Positive liberty means that certain unwanted obstacles and inequalities (at least those which are perceived as such) are to be eradicated through the creation of provisions (positive) on the basis of what is considered to be important by the provider (which within the context of political philosophy is the external authority in the form of the State). Positive liberty – in presupposing that liberty stems from what is granted and provided by an external party – is the liberty meant by egalitarian and collectivistic ideologies which form the ethical foundation of movements ranging from communism and socialism to “Christian democracy”, Islamism, up to and including what some call “modern liberalism” (Cieters, 2009B). Those adhering to this view claim that “the objective of both justice and poverty reduction should be to expand the freedom that deprived people have, to [enable them to] enjoy ‘valuable’ beings and doings” (Alkire, 2006, emphasis added) through State intervention in various forms and degrees.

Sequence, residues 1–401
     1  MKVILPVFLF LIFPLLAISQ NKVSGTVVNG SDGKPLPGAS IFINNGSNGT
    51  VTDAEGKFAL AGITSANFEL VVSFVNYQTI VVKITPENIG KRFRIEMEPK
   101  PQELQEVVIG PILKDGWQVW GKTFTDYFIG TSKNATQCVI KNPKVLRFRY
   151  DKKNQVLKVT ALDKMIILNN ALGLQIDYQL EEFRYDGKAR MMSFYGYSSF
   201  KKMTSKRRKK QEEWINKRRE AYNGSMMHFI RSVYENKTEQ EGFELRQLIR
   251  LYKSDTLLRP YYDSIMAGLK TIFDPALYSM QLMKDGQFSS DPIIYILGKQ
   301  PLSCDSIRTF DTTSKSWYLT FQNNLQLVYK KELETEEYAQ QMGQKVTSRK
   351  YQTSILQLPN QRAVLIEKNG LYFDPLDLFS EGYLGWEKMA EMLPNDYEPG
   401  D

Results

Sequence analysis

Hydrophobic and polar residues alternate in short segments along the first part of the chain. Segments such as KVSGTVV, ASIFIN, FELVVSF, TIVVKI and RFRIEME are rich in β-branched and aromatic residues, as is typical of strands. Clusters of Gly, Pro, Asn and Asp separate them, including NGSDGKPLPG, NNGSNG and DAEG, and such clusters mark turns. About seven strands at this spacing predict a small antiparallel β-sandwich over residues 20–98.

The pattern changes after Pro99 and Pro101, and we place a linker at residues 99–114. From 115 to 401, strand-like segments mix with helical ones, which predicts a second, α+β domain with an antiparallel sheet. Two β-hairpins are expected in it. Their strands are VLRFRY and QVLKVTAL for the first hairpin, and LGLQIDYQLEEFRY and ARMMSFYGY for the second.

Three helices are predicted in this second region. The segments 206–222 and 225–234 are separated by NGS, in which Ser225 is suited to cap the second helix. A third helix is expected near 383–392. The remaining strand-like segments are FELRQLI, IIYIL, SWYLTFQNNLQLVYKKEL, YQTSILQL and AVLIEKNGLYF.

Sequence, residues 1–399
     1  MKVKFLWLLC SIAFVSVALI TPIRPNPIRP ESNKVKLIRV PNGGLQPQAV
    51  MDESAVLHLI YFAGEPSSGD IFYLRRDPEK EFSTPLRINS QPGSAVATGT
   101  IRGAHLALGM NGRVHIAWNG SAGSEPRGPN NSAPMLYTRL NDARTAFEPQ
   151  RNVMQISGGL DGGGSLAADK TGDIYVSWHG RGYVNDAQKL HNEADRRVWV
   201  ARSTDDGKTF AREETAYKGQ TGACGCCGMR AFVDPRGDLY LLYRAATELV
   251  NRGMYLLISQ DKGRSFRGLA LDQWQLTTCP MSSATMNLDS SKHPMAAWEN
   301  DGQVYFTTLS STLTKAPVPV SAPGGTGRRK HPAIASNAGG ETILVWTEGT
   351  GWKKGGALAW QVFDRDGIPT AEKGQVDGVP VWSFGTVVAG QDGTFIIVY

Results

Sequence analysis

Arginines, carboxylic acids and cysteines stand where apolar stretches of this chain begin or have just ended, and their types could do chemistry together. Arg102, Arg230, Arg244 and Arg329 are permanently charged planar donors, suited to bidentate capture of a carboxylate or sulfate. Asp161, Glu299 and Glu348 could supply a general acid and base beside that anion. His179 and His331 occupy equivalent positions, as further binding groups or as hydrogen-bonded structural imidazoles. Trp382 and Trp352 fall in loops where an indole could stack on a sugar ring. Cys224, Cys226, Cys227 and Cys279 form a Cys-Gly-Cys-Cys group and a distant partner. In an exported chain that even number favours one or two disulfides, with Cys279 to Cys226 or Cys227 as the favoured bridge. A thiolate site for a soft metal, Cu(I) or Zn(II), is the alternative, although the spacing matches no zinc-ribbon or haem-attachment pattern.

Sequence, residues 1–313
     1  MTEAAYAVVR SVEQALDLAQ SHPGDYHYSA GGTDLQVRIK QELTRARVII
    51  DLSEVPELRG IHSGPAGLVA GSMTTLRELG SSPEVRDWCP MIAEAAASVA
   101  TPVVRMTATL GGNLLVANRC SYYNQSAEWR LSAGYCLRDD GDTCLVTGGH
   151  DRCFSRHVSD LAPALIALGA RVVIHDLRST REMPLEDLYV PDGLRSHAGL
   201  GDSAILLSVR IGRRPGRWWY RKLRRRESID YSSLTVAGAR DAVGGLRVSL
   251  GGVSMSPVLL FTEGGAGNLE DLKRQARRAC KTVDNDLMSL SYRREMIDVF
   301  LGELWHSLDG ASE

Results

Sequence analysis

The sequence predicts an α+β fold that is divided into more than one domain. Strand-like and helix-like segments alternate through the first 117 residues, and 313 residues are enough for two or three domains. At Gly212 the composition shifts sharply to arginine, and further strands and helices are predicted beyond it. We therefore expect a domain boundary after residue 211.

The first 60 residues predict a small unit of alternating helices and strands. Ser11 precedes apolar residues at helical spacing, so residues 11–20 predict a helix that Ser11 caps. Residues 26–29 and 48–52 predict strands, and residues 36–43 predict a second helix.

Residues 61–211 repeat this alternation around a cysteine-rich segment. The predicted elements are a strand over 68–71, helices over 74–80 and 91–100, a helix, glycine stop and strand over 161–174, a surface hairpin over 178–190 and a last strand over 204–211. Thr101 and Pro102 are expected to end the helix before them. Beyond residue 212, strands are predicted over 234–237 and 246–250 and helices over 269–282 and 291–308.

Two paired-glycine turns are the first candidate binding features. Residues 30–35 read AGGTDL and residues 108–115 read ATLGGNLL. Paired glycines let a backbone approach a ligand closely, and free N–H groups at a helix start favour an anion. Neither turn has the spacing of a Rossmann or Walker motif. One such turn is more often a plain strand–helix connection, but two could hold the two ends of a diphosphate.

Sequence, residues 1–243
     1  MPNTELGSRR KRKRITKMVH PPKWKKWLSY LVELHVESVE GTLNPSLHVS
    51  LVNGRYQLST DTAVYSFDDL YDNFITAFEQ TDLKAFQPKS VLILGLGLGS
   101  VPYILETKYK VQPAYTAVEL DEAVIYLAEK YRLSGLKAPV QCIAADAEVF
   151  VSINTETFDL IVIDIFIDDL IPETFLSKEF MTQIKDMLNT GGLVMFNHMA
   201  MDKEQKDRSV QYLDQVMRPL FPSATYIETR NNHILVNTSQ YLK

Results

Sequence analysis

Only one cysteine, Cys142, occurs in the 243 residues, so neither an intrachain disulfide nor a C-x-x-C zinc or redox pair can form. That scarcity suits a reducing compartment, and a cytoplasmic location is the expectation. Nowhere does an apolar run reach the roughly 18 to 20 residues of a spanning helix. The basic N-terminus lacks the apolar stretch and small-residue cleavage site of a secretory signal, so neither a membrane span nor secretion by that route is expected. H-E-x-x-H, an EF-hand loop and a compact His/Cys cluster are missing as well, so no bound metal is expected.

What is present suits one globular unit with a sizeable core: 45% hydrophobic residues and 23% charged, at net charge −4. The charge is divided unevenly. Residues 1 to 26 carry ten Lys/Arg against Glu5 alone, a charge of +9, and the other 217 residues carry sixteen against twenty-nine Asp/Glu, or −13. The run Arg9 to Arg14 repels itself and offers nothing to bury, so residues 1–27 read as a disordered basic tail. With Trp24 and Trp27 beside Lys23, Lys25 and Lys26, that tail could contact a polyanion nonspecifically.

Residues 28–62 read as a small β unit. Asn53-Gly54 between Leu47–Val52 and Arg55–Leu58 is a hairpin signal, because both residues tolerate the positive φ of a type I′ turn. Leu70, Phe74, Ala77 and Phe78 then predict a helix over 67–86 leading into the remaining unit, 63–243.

Negative liberty on the other hand is “the absence of interference” (Carter, 2003). It is “the area within which the subject – a person or group of persons – is left to do or be what he is able to do or be, without interference by [or interfering with] other persons” (Berlin, 1969). Negative liberty is in short the liberty meant by libertarianism and free market anarchy. It is de facto of lesser importance in other ideologies which universally emphasise positive liberty first and foremost.